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Title pretty much says it. I am barely an armchair composer, but I would like to try my hand at some game music that requires some nautical theming. It seems to me that penny whistles and a celtic feel are close - but I would like to know what sort of keys and progressions I should be using to write original nautical music.

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up vote 9 down vote accepted

I've had a go writing some nautical-sounding music for games before. Andrew's answer about using Dorian is helpful - here's a few other tips I have.

  • For a piratey sound, accordions work well. They're characterised by a stride bass pattern (bass note on beats 1 and 3, chord on 2 and 4)

  • the folk-style melodies are heavily swung, lots of dotted notes.

  • Sticking to really simple folky chord sequences works well for a shanty sound. Try

    • 4/4: | II - - - | I - - - | II - - - | II I II - | (like in "Drunken Sailor")
    • or | I - - - | V - - - | I - - - | IV V I - | (for a happier tune)
  • For more of a Royal Navy feel: penny whistles, snare drums, straighter rhythms. "Sailor's Hornpipe" is worth a listen.

  • If you want to put drums in your pirate tune, something like a bodhran would probably sound most authentic.

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+1, good examples (especially the "dotted melodies" comment). – jadarnel27 Aug 29 '11 at 13:36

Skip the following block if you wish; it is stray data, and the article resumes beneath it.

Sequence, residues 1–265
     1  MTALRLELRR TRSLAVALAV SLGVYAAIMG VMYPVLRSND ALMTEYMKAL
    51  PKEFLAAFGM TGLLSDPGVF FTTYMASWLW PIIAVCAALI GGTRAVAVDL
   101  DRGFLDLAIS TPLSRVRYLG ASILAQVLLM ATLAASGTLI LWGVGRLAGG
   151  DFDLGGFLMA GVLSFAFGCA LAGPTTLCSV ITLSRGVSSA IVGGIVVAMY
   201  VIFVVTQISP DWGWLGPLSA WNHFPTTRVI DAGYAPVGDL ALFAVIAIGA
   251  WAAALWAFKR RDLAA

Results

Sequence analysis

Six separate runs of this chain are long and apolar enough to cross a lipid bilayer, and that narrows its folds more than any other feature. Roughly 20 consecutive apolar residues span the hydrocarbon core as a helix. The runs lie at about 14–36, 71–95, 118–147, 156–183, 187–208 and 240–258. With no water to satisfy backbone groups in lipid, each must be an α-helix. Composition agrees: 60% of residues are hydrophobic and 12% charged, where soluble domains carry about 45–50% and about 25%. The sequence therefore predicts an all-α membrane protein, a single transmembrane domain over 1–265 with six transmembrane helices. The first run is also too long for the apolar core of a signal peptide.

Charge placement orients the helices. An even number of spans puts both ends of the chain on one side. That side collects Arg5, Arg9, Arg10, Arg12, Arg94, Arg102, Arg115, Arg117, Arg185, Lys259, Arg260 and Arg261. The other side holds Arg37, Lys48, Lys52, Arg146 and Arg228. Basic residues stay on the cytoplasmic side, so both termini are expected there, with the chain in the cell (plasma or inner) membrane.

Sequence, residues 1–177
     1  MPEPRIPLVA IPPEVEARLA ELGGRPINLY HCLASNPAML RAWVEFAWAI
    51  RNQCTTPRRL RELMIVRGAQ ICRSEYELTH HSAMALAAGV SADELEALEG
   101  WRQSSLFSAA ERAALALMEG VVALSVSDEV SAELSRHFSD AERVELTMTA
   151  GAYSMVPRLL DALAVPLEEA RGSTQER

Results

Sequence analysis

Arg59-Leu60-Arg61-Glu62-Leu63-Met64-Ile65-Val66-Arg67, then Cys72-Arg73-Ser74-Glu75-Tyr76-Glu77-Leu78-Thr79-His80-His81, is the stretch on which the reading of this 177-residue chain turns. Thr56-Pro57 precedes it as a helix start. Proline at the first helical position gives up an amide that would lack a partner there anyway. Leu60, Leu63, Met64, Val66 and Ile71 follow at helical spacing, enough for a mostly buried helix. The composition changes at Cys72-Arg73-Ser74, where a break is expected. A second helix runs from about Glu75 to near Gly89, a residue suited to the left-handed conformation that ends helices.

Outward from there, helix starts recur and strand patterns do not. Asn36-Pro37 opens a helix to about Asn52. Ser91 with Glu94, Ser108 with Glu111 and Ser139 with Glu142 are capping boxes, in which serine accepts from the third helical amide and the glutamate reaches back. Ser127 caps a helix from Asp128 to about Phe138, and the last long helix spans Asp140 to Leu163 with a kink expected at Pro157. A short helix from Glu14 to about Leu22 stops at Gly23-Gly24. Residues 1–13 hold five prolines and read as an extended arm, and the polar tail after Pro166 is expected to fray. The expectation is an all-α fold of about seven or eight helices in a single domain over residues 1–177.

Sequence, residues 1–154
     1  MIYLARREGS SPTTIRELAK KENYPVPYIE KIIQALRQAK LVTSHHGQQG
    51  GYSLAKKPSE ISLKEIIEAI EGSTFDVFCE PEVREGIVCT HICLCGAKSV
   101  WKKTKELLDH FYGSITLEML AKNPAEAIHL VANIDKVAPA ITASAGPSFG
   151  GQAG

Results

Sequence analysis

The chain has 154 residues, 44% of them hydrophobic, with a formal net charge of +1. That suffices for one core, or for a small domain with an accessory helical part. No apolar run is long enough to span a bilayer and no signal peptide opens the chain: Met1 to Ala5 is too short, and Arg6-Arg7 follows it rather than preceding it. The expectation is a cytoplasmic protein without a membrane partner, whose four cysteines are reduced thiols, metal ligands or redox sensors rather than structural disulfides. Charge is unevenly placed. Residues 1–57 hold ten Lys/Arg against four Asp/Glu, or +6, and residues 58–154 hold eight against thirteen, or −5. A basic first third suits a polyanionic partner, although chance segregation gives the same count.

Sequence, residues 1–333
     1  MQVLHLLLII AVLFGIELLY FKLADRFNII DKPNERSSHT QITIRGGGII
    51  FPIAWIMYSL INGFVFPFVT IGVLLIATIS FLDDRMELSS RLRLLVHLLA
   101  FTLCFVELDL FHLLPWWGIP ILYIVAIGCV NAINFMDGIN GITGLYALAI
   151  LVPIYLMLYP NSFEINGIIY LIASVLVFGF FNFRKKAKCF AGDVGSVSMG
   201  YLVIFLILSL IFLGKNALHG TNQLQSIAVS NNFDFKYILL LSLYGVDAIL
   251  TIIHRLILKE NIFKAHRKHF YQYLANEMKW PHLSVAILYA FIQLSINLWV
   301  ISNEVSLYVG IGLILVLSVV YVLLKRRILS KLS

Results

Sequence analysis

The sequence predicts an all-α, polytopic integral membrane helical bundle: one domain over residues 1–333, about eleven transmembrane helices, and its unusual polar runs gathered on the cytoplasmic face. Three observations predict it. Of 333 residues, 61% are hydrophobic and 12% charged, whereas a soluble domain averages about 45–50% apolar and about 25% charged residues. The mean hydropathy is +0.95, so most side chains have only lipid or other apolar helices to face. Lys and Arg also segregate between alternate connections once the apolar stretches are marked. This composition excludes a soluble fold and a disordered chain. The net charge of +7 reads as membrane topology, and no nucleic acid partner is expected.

Great info, more than enough to start on, thanks! – Adam Tolley Sep 2 '11 at 19:53

The first thing that comes to mind is the mode or scale. A "generic" tune in those genres may often be in the Dorian mode (not the Greek version), either original or in transposition. Notably, the mode has the feel of a minor scale but without the leading tone (and with a raised sixth scale degree, when that note should arise). So, the typical dominant to tonic "circle of fifths" progression is a minor triad to minor triad, unlike in typical tonality. The raised sixth scale degree compared to natural minor can give the melody a fleeting Major feel when used.

The use of Dorian is by no means absolute of course, nor is it the sole generator of the style you seek. Meter and rhythmic patters depend on which style you are trying to emulate, for instance. Instrumentation also contributes to the character of the music, but it is certainly possible to have an entirely vocal composition in the styles you seek.

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I have been messing with the dorian mode - its just what I am looking for. Thanks a bunch! I wish I could mark this as the answer too - but I had to go with the most complete. – Adam Tolley Sep 2 '11 at 19:53

Many folk songs are simple and based on pentatonic scales. These songs historically were passed aurally (by listening and repeating), so they needed to be simple enough to be remembered.

The most basic pentatonic scale follows scale degrees 1, 2, 3, 5, 6 (and 1 and octave higher).

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I believe 12/8 time shows up quite a bit in "piratey" music! I've seen this counted as both 12/8 and as 4/4 with triplets.

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The song I ended up writing was in 12/8 or similar (not formally metered) for exactly that reason, it kind of mirrors the structure of navy/military music I guess (Original pirates were ex navy) – Adam Tolley Oct 18 '12 at 17:16

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